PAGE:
Medical expenses can be quite cumbersome, especially if you have unforeseen emergencies that are not completely covered by your insurance. The Internal Revenue Service (IRS) makes some of these medical expenses partly tax-deductible in order to give taxpayers a break. In order to take advantage of this tax deduction, you have to know what counts and what doesn’t count as a medical expense.
Deduction value for medical expenses
The IRS allows you to deduct qualified medical expenses that are more than 7.5% of your adjusted gross income for 2017 and 2018. Starting January 2019, all taxpayers may deduct only the amount of the total unreimbursed allowable health care expenses for the year that is more than 10% of their adjusted gross income. Your adjusted gross income (AGI) is your taxable income minus any adjustments to your income like deductions, contributions to a traditional IRA, and student loan interest.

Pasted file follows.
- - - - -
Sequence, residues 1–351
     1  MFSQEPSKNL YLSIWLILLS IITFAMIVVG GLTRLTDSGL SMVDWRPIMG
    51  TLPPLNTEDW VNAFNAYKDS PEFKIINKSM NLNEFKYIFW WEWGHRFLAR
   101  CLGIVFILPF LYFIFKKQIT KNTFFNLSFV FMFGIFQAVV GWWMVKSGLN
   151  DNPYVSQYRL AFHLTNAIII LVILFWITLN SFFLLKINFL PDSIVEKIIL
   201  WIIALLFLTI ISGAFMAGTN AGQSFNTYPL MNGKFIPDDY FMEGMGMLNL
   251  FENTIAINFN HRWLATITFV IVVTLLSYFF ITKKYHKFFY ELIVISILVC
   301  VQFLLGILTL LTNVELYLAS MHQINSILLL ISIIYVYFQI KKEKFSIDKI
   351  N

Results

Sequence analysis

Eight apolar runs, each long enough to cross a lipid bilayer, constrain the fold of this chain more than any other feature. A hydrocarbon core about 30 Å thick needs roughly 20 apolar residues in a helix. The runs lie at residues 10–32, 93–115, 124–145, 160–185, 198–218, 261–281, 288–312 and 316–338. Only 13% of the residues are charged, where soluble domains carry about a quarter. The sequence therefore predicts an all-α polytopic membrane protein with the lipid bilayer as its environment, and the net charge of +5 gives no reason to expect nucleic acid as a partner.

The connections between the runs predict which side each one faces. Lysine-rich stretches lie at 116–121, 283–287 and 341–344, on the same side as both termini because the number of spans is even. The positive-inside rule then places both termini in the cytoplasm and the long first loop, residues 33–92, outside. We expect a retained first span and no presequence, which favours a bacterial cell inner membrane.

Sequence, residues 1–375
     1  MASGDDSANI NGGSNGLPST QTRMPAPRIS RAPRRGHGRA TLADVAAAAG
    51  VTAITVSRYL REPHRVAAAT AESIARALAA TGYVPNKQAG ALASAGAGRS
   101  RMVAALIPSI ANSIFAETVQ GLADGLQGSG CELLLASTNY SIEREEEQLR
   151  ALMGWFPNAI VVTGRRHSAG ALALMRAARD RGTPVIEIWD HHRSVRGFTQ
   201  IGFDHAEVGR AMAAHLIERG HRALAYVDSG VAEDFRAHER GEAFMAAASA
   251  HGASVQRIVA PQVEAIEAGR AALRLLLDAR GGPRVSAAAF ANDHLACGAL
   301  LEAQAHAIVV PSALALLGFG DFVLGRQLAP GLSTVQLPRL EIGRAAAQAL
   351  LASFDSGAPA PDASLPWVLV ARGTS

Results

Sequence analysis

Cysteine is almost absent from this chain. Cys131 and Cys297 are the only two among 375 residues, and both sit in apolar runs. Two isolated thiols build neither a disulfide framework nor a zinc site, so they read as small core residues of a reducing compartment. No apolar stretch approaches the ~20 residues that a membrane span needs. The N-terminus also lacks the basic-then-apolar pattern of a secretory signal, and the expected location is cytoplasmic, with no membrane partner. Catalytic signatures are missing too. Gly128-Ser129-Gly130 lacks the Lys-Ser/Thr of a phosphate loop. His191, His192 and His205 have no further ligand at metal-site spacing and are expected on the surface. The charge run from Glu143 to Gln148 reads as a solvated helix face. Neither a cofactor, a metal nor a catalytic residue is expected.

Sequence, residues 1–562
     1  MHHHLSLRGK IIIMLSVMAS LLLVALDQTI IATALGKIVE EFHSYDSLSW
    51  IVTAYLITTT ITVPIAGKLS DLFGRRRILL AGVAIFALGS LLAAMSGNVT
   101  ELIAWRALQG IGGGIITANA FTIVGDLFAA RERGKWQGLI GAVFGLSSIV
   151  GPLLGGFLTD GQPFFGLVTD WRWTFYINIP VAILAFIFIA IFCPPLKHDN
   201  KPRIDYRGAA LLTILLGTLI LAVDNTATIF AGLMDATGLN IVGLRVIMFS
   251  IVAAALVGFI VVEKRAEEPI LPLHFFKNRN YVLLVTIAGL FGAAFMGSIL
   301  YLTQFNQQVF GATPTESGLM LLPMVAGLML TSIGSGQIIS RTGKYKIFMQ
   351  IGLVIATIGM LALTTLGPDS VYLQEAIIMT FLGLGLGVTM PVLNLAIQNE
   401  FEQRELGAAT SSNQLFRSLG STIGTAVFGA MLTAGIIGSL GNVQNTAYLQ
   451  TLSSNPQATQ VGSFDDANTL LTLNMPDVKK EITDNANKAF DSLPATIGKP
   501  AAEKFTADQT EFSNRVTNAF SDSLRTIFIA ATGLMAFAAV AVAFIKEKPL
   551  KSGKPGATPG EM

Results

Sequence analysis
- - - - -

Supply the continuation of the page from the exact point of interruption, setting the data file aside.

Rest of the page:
Which health care expenses are deductible?
The IRS allows taxpayers to deduct preventative care, treatment, surgeries, dental, and vision care as qualifying medical expenses. You may also deduct visits to psychologists and psychiatrists. Prescription medications and appliances like contacts, glasses false teeth, and hearing aids are also deductible. Finally, you can deduct travel expenses for medical care like mileage on our car, bus fare, and parking fees.
Which health care expenses are not deductible?
If you’re reimbursed for any medical expenses, such as by your employer, you cannot deduct them. Additionally, the IRS typically does not allow you to deduct expenses for cosmetic procedures. You cannot deduct expenses for non-prescription drugs (excluding insulin) or other purchased for general health like vitamins, toothpaste, health club dues, diet food, or non-prescription nicotine products. You also cannot deduct medical expenses paid in a different year.
Medical expenses are hard enough to deal with, and the accounting that goes along with them are incredibly complicated too. That’s why you should let our team of New York NY accountants help you. The Department of Finance collects more than $35.8 billion in revenue for NYC alone, and our tax accountants can help you through the mess of deducting your health care expenses.